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By Andy Hayler | November 12 2018
In a world increasingly obsessed by food there is no shortage of locations that would be candidates for the best food city on the planet. In order to come to a reasoned decision you need to take into account many factors, not just how many restaurants there are featured on this or that list. What about the quality of the food shops and markets, diversity of the offerings, the street food and the depth of choice? Some time ago I spent a day locked in a room with a panel of food experts debating just this subject.
I will start with San Sebastian, the foodie hub of Spain. Here you will find fabulous local produce in the main market, including superb Iberico ham but also some high grade vegetables. The quality of the fish here is high, displayed at the high end in restaurants like Elkano and Kaia Kaipe just up the coast, who specialize in turbot grilled over charcoal in the open air. The city itself has a trio of three star Michelin restaurants, but more representative of the city are the densely packed streets of pintxos (tapas) bars, serving an endless variety of local delicacies. My favorite place to eat in San Sebastian is Ibai, an obscure lunch-only basement place that is by far the toughest reservation in town. Here you will eat simply prepared glorious local specialties.
I thought long and hard about Paris, but decided on Lyon as my second choice. Lyon does not boast as many glittering three star palaces as Paris, though there is no shortage of multi-starred restaurants in and around the city. However there is a reason why famed French food critic Curnonsky crowned Lyon the “world capital of gastronomy” back in 1935. It is surrounded by terrific raw materials, from the vegetables and beef of Charolais, the birds from Dombes and Bresse and the fruits from Drome. Walking around Les Halles market, named after the now deceased chef Paul Bocuse, is an exercise in temptation. Lyon has distinctive dishes of its own and a network of local restaurants (bouchons) serving them. The top international cookery competition, the Bocuse d’Or, is held in Lyon.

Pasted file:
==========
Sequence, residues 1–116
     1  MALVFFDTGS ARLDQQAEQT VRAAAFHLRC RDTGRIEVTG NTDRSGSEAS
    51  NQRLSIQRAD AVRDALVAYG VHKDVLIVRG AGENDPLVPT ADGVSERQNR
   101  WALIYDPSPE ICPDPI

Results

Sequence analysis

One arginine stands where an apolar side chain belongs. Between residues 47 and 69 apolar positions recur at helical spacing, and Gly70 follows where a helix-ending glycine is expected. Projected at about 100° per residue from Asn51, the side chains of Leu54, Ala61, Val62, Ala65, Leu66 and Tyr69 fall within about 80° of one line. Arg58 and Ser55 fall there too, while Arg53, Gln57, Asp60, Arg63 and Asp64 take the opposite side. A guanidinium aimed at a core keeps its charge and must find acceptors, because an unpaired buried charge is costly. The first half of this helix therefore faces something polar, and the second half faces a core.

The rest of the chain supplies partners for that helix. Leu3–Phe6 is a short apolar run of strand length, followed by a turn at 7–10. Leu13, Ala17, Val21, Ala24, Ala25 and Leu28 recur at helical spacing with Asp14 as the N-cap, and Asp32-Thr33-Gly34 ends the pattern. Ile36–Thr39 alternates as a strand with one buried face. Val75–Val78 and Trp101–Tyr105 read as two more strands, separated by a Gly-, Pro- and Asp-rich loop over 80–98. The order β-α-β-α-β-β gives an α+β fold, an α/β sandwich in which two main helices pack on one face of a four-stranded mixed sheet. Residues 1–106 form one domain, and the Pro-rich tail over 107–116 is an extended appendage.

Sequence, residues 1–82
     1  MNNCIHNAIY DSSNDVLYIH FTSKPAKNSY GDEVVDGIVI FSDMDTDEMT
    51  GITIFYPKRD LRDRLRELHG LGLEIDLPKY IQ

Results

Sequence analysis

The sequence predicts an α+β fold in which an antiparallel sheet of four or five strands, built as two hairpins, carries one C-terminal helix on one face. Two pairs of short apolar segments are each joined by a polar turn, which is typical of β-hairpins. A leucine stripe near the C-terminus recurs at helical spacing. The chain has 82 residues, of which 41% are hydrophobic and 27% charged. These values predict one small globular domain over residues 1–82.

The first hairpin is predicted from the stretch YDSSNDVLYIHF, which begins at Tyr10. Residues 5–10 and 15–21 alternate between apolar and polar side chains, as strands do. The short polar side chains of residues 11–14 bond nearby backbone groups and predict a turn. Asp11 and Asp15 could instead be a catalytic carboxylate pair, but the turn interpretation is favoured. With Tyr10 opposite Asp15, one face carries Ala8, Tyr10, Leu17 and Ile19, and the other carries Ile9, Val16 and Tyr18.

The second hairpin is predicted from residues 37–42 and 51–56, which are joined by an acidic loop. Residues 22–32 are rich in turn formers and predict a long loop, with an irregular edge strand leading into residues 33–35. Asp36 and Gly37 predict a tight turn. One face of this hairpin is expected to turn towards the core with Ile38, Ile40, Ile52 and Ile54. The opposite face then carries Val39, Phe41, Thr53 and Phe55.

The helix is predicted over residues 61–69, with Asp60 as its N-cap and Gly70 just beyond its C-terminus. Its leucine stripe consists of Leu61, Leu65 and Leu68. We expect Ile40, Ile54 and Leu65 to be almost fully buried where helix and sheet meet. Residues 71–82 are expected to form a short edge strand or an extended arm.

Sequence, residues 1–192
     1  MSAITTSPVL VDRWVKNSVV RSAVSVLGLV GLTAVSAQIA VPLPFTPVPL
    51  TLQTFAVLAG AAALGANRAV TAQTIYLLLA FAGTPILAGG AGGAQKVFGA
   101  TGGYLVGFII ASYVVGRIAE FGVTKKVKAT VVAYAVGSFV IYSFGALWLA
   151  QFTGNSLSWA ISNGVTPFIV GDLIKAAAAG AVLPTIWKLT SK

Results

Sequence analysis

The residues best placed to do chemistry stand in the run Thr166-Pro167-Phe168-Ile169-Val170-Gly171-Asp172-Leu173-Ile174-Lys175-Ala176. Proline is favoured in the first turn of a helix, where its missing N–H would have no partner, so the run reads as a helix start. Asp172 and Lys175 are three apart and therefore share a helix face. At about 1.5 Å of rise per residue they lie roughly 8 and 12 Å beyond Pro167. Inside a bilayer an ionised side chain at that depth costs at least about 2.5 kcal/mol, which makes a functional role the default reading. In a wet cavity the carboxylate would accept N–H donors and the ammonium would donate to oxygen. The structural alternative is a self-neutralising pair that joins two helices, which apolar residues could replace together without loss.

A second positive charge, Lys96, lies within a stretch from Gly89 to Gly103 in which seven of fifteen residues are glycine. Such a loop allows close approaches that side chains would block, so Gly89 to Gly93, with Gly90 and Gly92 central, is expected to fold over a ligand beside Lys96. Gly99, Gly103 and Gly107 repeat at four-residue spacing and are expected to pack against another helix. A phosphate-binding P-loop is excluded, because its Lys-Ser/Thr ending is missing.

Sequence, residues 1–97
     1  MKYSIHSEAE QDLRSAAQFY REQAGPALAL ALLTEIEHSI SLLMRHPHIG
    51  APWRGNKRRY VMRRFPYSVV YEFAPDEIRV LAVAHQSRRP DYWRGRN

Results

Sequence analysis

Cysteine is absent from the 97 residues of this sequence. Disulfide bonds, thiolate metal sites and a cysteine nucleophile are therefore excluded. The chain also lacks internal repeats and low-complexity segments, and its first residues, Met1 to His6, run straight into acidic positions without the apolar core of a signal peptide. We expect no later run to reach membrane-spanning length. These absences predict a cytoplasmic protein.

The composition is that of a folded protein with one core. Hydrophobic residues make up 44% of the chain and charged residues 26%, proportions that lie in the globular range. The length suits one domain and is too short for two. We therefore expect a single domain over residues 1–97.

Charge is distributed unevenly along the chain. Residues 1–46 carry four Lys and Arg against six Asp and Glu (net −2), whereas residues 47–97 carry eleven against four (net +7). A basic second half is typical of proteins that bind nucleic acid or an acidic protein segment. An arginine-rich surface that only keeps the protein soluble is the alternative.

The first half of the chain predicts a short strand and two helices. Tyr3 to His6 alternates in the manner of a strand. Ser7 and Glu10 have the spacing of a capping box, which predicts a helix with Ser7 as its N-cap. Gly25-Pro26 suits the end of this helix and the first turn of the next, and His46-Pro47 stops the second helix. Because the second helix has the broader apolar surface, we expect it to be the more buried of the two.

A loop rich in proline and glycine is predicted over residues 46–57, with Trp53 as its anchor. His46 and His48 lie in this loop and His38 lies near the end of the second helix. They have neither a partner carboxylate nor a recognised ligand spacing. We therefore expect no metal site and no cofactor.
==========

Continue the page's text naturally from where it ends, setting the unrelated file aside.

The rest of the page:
My top choice for the world’s best food city is Tokyo. This has the most three star Michelin restaurants of any city, but it is the sheer depth and variety of the culinary scene here that is remarkable. No-one really knows how many restaurants Tokyo has, though there are 135,000 listed in Tabelog, the main local guide. The quality of the produce in the shops and markets is astonishing. A stroll around the Tsukiji fish market (the largest on earth) and its next-door vegetable market is eye-opening; to give a sense of scale, the market has over 60,000 registered staff. At every level, from local izakaya to high-end sushi bar or kaiseki fine dining, the quality of the food scene is remarkable. One can debate what the second best food city on earth is, but the best one is easy to name.
Images: Instagram @onlylyon; Instagram @visitjapanjp